Early on in the days of trophy hunting, some games became the butt of the joke: Harry Potter and the Half-Blood Prince and Hannah Montana the Movie. Both were extremely easy to complete and weren’t exactly held high in regard when looking at each other’s trophy lists. On the opposite end of the scale are the hardest games which either require playing on the highest difficulty setting or sinking hours into repetitive tasks such as finding and killing all 200 pigeons in Grand Theft Auto IV, a task I sat down and completed with a printed copy of the map. Not my proudest gaming moment but there was a feeling of progression and achievement as I crossed off each pigeon as I went.
More recently I’ve managed to get my sister involved as she helped me complete Saints Row: Gat out of Hell over Christmas in co-op when she also caught the trophy hunting bug. She has spent the last five months working through Persona 5 using a spreadsheet designed to guide you through each day within the game, telling you when story events happen and what side activities you should do to get 100% in the most efficient time.
One measure popular on trophy tracking sites such as PSN Profiles is the completion percentage based across all games played on the account. This means playing a game with difficult or unobtainable trophies is avoided by using a separate account on the console. It allows me to enjoy a game like Red Dead Redemption 2 without worrying about the impact on these statistics. Some trophies are now impossible to obtain for older multiplayer games such as Warhawk, MAG and Ace Combat: Infinity because the online servers have been shut down. Other games have permanent issues such as with the ‘Run Like The Wind’ trophy in Grand Theft Auto V. It’s impossible to achieve because the player bounty system was removed by Rockstar Games and hasn’t been restored since.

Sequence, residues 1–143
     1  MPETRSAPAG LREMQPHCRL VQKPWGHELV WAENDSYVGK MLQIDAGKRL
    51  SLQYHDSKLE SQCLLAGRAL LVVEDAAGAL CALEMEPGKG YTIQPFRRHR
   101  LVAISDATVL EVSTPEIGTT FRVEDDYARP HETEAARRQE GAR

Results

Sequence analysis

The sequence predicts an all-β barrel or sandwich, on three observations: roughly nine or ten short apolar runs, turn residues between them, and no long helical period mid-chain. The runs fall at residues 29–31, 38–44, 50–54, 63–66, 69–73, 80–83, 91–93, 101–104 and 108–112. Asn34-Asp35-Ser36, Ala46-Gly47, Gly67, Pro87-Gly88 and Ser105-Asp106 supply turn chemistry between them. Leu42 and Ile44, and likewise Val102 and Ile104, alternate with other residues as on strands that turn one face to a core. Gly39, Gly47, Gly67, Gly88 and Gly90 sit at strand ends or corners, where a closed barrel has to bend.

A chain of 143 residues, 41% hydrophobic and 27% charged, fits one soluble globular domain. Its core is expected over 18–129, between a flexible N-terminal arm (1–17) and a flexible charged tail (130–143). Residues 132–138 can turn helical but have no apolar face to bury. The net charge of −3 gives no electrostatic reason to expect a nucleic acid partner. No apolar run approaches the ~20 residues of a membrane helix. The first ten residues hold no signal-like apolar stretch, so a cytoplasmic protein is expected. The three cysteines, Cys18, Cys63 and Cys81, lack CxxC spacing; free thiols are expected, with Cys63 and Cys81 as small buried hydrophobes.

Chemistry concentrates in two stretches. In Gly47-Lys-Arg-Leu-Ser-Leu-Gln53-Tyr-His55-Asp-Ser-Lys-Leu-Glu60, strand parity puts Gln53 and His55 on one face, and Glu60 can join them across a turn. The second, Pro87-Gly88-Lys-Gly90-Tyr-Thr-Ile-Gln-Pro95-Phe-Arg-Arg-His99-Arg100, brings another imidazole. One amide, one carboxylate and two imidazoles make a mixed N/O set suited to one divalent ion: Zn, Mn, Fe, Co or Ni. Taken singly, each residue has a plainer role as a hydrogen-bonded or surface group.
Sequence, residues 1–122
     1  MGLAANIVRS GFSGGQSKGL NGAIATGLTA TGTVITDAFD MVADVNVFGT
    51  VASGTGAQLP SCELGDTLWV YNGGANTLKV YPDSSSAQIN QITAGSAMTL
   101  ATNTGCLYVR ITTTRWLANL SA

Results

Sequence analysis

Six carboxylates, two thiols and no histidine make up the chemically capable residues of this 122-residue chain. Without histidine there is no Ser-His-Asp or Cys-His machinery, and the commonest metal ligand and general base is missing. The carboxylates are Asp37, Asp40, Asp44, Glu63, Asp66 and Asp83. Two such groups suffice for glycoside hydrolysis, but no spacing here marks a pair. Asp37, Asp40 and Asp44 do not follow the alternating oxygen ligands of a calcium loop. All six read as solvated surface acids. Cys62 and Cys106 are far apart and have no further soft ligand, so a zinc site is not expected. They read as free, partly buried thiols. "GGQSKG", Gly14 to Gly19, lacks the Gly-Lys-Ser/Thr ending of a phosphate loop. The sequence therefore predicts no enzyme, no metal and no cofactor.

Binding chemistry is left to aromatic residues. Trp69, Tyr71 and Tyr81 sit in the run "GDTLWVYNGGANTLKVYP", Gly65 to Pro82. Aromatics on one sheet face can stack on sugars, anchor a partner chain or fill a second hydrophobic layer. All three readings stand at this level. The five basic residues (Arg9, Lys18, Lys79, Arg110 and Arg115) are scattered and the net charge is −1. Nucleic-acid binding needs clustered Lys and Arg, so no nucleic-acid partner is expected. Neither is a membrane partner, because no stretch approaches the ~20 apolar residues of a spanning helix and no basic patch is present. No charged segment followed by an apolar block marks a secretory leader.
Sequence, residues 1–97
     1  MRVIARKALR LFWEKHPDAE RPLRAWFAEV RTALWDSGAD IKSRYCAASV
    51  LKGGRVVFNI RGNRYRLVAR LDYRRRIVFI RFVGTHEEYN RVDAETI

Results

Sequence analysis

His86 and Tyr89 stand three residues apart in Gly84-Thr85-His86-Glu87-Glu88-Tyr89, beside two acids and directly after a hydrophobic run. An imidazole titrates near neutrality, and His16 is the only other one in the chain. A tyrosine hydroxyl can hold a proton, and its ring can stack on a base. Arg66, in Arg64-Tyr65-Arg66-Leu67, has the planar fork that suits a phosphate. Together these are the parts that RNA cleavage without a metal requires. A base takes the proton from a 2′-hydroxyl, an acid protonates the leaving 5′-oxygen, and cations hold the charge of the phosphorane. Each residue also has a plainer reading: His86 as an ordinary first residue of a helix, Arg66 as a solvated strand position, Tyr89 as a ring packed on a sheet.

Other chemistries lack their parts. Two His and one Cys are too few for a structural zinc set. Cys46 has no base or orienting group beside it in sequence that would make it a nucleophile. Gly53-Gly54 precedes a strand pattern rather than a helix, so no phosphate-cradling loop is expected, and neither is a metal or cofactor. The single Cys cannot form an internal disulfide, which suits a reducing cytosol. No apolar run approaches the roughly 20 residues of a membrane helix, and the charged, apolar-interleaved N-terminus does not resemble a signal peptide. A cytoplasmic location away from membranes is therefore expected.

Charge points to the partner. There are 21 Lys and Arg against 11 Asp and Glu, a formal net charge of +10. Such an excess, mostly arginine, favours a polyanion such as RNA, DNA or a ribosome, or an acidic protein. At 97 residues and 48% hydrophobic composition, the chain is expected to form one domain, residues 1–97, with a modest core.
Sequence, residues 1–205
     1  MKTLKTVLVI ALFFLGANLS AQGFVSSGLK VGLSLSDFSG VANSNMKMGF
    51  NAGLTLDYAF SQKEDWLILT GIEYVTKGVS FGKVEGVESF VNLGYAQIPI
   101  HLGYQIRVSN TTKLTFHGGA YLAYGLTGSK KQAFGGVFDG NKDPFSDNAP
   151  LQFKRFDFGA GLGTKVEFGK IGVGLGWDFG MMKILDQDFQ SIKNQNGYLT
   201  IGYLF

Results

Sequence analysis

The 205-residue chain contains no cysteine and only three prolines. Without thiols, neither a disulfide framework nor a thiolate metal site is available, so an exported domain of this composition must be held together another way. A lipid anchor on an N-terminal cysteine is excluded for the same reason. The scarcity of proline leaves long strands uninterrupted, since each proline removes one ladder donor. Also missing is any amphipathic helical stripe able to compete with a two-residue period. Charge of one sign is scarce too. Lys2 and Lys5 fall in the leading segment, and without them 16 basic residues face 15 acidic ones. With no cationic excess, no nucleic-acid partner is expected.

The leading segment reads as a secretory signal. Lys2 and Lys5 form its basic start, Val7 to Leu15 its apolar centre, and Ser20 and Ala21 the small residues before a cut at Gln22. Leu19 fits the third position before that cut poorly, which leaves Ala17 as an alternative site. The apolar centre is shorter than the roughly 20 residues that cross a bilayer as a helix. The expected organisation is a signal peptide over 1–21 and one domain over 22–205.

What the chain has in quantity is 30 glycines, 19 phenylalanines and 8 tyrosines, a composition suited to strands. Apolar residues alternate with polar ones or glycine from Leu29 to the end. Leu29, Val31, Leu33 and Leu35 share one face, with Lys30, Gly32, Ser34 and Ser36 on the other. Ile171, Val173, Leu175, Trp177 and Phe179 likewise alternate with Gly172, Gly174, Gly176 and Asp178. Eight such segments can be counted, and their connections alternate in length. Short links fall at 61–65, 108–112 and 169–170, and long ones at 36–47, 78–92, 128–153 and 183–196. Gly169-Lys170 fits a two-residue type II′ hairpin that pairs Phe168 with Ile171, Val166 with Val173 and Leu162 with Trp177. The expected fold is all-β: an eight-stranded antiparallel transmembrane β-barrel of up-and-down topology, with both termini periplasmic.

Alternatively The Elder Scrolls Online has its own achievement system with challenges covering all the vast activities in the game, but with completion tracking per character. I’d prefer they were account-wide which would allow for separate sets of achievements per character class. This would give more reason to create more than one character and encourage exploring other play styles. Regardless, this game is my current obsession and I’m playing it on PC, which is far away from my PlayStation trophy collection.
Currently, I’m not as interested in earning trophies so I hope this enables a logical approach to this subject rather than sounding like I’m trying to convince you they are an important way to enjoy games. It’s clearly not for everyone, but it still attracts those looking for a challenge and is a way to show off to others. I’ll end with pointing out that there’s an entry in the Guinness Book of World Records for the most platinum trophies earned – impressive or a just a crazy waste of time?
What do trophies or achievements mean to you and do they add to the gaming experience? Or would prefer they just stop popping up in the corner of the screen and distracting you from the game?
Often found in front of YouTube watching videos of cats if not playing video games. Loves sprawling open-world games with a soft spot for the Fallout series.